Several members of the Maine Cheese Guild traveled to Vermont the week of February 26th to visit a number of creameries. Among them were Parrish Hill Creamery in Westminster, Jasper Hill Farm in Greensboro Bend, and Shelburne Farms in Shelburne. It was a lot of driving, but it seemed worth it for us to see several cheese makers of various sizes, all using very different systems to produce and market their cheeses.

Looking West in Westminster West, VT

We kicked off the tour by gathering on a beautiful sunny Monday in Westminster West, VT just a few miles up the the Connecticut River from Brattleboro, and not far from Satans Kingdom, MA. Per my instructions we all got there early, gathering at the base of the driveway up to the Parrish Hill Creamery after the long drive from Maine. Eventually Peter Dixon and Rachel Fritz-Schall pulled up to show us around their production facility.

Their current make room is housed in a small building separate from a house on the property, and it was the original cheese plant used by David and Cindy Major to make cheese for Vermont Shepherd (which is now next door to them) way back when. It is small and tidy, though Peter and Rachel are planning to enlarge the building this spring, adding a porch and access for the public to buy their cheese and whey fed pork in the summers.

Peter and Rachel talked about their production set-up and their cheeses, we saw the stainless steel trailer that they use to transport milk from the nearby Putney School dairy to use to make cheese. Then we walked up hill to see their innovative “Cave on Wheels” that they use to age some of their cheeses in a temperature and moisture controlled environment.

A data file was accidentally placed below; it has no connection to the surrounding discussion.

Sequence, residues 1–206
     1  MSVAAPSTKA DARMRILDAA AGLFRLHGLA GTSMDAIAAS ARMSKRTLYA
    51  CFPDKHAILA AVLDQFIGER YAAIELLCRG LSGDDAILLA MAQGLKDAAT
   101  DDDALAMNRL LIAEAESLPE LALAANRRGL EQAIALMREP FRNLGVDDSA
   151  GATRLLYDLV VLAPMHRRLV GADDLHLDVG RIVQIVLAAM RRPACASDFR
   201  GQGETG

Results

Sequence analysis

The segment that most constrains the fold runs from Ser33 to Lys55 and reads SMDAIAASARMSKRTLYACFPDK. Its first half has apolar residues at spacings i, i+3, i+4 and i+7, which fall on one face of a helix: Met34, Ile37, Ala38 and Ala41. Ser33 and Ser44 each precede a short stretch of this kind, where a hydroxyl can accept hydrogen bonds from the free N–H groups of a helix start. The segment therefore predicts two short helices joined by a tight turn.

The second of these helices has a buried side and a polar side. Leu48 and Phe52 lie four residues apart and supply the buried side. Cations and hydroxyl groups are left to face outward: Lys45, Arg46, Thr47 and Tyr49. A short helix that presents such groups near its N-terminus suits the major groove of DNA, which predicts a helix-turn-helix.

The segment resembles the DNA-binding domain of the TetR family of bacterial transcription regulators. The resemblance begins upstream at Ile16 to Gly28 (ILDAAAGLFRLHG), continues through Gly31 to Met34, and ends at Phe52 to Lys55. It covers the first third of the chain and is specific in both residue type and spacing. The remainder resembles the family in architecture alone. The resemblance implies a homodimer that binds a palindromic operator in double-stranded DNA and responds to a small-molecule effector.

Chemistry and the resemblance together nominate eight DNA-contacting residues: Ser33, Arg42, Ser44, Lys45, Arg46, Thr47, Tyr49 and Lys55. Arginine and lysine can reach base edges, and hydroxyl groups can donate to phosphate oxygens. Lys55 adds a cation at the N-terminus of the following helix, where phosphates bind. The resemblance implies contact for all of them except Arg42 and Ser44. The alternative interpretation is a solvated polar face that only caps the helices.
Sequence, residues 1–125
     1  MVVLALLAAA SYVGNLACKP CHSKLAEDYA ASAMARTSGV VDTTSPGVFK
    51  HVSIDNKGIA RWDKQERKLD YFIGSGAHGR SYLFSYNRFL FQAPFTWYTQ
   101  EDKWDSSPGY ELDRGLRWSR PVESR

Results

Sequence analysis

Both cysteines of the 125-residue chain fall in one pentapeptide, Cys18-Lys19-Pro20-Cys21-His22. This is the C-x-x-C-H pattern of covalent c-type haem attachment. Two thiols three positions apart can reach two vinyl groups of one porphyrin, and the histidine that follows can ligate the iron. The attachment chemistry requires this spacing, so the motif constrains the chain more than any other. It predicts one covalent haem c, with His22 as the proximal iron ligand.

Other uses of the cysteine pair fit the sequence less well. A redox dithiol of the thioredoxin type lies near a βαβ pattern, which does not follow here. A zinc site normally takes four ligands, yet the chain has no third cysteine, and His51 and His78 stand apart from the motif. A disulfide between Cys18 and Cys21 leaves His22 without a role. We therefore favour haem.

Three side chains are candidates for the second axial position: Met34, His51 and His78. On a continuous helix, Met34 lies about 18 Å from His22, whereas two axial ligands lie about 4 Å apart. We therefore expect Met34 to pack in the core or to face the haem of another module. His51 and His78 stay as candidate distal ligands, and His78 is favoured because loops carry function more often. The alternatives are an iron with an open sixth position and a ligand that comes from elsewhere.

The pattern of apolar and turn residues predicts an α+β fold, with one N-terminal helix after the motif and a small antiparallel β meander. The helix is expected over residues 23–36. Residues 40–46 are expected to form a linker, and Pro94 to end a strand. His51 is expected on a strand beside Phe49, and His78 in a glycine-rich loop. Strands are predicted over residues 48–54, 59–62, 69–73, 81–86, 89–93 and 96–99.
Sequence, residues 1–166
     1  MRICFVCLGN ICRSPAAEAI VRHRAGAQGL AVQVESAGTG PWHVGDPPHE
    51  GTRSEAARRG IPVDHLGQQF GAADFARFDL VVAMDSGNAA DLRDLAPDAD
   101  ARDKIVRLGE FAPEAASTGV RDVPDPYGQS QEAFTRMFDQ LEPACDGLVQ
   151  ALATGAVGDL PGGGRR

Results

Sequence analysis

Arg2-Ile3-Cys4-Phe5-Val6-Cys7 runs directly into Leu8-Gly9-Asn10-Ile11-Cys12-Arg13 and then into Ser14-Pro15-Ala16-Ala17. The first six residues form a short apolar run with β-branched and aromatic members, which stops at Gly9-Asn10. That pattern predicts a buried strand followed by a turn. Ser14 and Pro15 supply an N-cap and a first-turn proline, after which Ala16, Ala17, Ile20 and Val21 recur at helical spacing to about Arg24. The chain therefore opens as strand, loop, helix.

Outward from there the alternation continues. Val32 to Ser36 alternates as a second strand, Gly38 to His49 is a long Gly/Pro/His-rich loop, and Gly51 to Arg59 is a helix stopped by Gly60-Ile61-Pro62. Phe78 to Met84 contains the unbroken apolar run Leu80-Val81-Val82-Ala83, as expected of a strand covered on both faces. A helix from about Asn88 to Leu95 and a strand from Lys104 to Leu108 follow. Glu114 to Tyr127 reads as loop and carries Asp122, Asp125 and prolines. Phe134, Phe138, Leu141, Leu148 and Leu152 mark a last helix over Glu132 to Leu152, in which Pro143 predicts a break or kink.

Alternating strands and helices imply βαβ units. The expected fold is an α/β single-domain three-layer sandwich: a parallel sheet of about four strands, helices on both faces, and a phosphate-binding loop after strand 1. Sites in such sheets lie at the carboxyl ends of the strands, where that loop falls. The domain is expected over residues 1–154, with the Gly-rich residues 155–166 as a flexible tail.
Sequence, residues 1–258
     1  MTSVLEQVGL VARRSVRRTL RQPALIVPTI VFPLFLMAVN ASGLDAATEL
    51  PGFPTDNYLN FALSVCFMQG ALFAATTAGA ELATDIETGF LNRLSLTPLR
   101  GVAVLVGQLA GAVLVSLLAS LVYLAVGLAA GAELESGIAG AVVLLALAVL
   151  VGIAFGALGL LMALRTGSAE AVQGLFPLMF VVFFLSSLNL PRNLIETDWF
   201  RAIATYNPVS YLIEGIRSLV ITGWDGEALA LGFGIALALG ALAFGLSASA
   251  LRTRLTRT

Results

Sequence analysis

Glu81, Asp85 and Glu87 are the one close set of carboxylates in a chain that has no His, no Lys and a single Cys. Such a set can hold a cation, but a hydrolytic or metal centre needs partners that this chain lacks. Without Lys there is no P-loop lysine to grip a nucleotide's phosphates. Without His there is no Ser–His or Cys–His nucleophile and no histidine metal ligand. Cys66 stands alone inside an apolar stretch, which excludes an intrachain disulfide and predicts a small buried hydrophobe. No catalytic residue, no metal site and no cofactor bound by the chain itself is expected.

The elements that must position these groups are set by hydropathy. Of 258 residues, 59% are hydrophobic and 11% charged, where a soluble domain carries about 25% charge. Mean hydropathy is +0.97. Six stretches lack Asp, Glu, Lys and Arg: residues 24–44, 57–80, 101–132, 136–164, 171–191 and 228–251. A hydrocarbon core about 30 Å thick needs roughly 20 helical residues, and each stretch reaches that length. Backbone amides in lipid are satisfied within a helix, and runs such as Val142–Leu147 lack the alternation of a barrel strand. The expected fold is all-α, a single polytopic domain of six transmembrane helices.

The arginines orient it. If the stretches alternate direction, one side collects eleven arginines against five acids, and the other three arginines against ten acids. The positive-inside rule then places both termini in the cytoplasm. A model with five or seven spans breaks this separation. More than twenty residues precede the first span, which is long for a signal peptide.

Cave on Wheels

After that we drove down the valley and around a hill to see their other cave, dug into the side of that hill, where they age their higher moisture cheeses: blue, washed rinds, and bloomies. Inside this smaller cave cheese wheels line both long walls top to bottom and in the middle of the space is a wooden table where they dry salt their young cheeses with Maine Sea Salt! Peter admits that it’s much more expensive than salt from food service suppliers, but it actually adds only a few cents cost to each of their cheeses, and it’s an important link to the region where he is making cheese.

Non-mobile Cave

Finally they invited us up to their home to taste their cheeses, laying out a generous spread of many of their cheese types, plus examples of cured pork (guanciale, ham, and dried sausage) that they make for themselves. It was quite a feast, and we also were able to discuss the challenges of marketing premium handmade cheeses to local and national buyers. Peter manages to ship his cheeses affordably to markets on the East and West coasts, but as a premium product that’s not enough because it cannot compete solely by price. Every year Peter and Rachel visit cheese mongers and chefs in the cities where his cheese is distributed, and he tells the story of his cheese, their milk, the hills surrounding his cheese room, and why it’s different. He finds that he needs to constantly tell this story to new buyers, as well as remind his existing customers, so that they can pass it along to the consumers to understand why it costs what it does.

We didn’t want to leave but still had a 2.5 hour drive ahead of us — we’d be staying in Burlington overnight so that we could get to Jasper Hill Farm — another 1.5 hour drive farther north — by 10am the next morning. Peter has come to Maine often at the invitation of the Guild to teach workshops on just about everything related to making cheese. It was wonderful to finally get a chance to see him and Rachel on their beautiful Hill in southwestern Vermont.